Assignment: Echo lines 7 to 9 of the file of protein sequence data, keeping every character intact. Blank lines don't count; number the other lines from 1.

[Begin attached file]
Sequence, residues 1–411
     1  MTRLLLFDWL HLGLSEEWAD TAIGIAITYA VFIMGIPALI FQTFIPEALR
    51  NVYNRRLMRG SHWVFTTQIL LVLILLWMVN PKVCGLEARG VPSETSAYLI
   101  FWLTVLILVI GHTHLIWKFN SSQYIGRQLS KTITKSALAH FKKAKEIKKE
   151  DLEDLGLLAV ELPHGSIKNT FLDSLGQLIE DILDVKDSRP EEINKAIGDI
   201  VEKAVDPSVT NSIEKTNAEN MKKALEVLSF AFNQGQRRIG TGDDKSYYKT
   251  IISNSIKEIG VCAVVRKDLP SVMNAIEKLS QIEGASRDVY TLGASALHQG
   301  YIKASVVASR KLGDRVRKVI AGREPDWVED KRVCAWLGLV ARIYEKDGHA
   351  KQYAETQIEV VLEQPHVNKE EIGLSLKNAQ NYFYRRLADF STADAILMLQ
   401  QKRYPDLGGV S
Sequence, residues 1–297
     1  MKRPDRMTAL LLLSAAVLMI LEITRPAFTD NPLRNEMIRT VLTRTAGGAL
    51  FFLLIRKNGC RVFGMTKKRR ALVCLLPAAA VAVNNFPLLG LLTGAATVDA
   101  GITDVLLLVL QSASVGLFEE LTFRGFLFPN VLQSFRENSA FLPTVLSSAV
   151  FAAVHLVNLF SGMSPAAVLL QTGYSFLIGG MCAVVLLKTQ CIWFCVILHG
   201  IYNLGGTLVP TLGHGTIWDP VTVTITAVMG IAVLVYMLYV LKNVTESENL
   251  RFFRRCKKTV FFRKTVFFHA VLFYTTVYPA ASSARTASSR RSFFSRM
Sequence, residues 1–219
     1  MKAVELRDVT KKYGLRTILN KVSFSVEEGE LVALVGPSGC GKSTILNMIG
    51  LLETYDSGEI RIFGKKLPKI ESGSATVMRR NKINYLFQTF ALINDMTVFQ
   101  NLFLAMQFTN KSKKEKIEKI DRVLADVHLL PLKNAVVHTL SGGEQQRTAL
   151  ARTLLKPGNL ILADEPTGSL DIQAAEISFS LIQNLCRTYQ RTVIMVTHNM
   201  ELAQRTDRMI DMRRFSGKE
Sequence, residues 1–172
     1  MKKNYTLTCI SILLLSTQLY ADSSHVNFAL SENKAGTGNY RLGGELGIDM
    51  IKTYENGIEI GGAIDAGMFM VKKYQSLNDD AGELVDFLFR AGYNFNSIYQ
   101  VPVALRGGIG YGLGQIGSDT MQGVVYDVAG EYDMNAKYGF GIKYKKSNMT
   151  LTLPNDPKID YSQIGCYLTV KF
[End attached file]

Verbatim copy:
   251  IISNSIKEIG VCAVVRKDLP SVMNAIEKLS QIEGASRDVY TLGASALHQG
   301  YIKASVVASR KLGDRVRKVI AGREPDWVED KRVCAWLGLV ARIYEKDGHA
   351  KQYAETQIEV VLEQPHVNKE EIGLSLKNAQ NYFYRRLADF STADAILMLQ